Why Angela Kerins won and Denis O’Brien lost
Both Supreme Court cases had noticeable similarities but were subtly different
Angela Kerins (left) and Denis O’Brien have both brought cases before the Supreme Court in recent times. Photographs: Collins Courts
It’s a pertinent question to ask why the Oireachtas lost the Angela Kerins case of last week but won Tuesday’s case brought against it by Denis O’Brien.
Why did the Supreme Court, hearing the two cases more or less at the same time, make fish of one and fowl of the other?
The cases had a good deal in common. Each involved the tension between two aspects of the public interest.
On the one hand, the Houses of the Oireachtas, the elected assembly and principal lawmaker in the State, needs to be free of legal restraints.
The court held that the constitutional immunity does, in principle, extend to committees
The Constitution reflects this, stating in unqualified terms, that, “Members of each House . . . shall not, in respect of any utterance . . . be amenable to any court”.
But, as against this, the Constitution also requires respect for an individual’s good name and for “fair procedures” to be followed, if this is being called into question.
This is especially true where the individual involved is not a politician or public servant but a private individual, like Kerins and O’Brien.
So why make a difference between the two cases?
One answer given, by the court in the Kerins case was that, while the constitutional provisions , one of which was quoted above, do indeed confer a strong immunity, this must give way where the breach of individual rights is “egregious”.
I think O’Brien might well say that one could not get much more egregious than a defiance of a court injunction against publication of private bank details.
Another more solid difference is that the disclosure against O’Brien occurred on the floor of the Dáil; whereas Kerins was cross-examined in a committee.
An argument which went begging in the case is that, in light of the prominence which the Constitution gives to the Dáil’s role in policing public expenditure, the Public Accounts Committee (PAC) may enjoy a special constitutional status, over and above other Oireachtas committees.
Now, in the Kerins case, the court was properly respectful about committees which, after all, are the places in which a modern parliament has the best chance of making a real contribution.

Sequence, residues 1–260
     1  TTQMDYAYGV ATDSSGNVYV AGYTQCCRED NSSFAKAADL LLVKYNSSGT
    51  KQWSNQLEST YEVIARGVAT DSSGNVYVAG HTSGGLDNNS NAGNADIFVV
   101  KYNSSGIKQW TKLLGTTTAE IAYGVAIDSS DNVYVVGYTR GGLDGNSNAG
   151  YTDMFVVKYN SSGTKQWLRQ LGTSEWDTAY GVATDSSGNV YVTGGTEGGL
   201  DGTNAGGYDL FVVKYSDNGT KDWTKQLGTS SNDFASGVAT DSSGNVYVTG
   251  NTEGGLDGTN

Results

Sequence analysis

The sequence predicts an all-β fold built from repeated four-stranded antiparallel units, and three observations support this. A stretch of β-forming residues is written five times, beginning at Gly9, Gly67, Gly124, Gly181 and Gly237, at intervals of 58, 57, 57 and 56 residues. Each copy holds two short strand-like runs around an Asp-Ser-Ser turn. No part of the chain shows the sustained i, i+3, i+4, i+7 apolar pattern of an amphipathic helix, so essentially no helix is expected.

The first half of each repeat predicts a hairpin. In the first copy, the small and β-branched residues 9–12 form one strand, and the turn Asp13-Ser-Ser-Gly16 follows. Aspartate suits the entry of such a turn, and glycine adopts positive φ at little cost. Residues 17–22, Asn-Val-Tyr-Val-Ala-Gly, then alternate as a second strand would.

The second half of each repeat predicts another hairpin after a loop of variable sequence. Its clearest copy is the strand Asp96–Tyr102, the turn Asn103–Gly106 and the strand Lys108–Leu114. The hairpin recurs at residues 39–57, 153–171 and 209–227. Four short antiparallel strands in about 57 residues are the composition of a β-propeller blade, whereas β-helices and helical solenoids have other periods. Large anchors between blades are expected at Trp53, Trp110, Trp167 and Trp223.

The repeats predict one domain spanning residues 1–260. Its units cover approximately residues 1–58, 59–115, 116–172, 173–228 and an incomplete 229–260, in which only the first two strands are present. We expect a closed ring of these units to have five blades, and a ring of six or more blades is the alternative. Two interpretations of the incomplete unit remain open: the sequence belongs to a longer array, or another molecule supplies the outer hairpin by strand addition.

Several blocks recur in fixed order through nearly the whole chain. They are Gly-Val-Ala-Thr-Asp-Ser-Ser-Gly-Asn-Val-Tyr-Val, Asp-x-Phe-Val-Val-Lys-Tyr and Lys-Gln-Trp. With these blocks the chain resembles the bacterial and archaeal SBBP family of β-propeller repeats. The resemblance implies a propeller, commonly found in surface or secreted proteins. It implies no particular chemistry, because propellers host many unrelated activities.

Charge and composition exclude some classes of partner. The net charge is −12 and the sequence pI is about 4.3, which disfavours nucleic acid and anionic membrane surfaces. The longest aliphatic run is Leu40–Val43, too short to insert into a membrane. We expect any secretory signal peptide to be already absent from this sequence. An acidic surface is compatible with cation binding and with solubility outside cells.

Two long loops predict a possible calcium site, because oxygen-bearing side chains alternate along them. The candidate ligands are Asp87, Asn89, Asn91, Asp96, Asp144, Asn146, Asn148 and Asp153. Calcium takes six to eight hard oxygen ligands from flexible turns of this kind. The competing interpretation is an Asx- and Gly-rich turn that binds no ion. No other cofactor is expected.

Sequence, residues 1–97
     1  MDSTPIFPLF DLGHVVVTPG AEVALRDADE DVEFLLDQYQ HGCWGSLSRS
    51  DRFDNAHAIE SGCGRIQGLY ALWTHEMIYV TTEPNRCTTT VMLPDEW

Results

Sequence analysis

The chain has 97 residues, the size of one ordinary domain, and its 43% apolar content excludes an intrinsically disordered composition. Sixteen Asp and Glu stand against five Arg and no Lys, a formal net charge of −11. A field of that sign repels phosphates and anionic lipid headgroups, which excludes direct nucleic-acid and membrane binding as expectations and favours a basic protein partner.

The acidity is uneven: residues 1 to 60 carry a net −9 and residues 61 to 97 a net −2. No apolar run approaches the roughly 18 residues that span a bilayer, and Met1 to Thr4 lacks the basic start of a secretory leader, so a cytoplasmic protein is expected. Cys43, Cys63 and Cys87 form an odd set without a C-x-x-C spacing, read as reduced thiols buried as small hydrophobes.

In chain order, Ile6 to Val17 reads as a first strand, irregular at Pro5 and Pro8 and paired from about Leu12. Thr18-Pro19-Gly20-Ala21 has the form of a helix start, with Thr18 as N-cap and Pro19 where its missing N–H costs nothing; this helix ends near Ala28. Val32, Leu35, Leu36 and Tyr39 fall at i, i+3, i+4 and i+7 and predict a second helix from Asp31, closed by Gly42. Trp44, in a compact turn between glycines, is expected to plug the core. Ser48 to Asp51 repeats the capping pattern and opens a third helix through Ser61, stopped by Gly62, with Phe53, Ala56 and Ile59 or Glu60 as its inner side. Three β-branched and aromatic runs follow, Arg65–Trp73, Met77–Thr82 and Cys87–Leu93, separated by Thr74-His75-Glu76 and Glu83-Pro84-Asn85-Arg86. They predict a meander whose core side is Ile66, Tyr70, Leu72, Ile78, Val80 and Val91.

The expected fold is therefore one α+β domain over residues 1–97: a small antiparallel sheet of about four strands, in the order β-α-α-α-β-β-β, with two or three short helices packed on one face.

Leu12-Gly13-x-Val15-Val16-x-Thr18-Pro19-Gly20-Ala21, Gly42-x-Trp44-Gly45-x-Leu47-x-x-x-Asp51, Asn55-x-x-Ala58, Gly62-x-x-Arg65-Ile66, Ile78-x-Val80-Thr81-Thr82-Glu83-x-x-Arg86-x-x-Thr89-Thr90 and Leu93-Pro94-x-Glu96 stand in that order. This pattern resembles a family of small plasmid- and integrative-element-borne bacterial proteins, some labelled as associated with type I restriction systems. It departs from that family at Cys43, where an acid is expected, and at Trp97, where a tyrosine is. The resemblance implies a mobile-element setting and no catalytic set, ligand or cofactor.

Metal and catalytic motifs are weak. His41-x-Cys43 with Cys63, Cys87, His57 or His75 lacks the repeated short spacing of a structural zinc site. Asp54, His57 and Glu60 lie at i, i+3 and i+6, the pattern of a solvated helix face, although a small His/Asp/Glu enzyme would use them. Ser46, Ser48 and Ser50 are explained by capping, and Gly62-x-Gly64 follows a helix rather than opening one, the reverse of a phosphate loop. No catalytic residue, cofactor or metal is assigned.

The court held that the constitutional immunity does, in principle, extend to committees while, at the same time, suggesting that this was somehow conditional on its keeping within its terms of reference.
As one English barrister remarked: 'One does not talk to hostile witnesses as one would to a fellow guest at a dinner party'
This condition, of course, might seem to run into the criticism that it is not for a court to adjudicate on whether an Oireachtas committee has gone beyond its proper limits.
Ordinarily, this would seem to lead a court into the marsh of interference with the internal proceedings of parliament.
But here there was a factor which enabled the Supreme Court to avoid this trap.
This was that, on this occasion, the PAC had been rather severely ruled out of order, by the authorised Oireachtas body, the Committee on Procedure and Privileges (CPP). In short, the court had simply to bow to the CPP.
This could amount to a special factor allowing future courts to give the Kerins case a fairly narrow scope.
For it is likely that, otherwise, the outcome in this case will lead on to either a docile, confused parliament or to a torrent of litigation.
Treatment of Kerins
Many people have commented, correctly, I think, on the ugly, unfair, damaging, way in which at least three of the 13-member PAC treated Kerins.
As to this, judges and lawyers might well contemplate what sometimes happens in courts and this may make them more tolerant of the PAC’s methods.
To any lawyer, the treatment of Kerins was reminiscent of the way in which grown adults speak to each other in courts of law.
George Bernard Shaw characterised this spectacle as two persons paid to call each other liars in the hope that the truth may emerge.
Shaw was thinking of the way barristers speak to each other; but plenty of venom is left over for the witnesses.
As one English barrister remarked: “One does not talk to hostile witnesses as one would to a fellow guest at a dinner party.”
See also the dialogue in the Belfast rape trial last year; or last week’s O’Brien case against the Sunday Business Post.
Regretfully, readers like it and the newspaper accounts of both trials and Kerins’s ordeal by PAC somehow recalled the gibe that Puritans disliked bear-baiting not because of the cruelty to the bear, but because of the pleasure it gave to the spectators.
David Gwynn Morgan is emeritus professor of law at UCC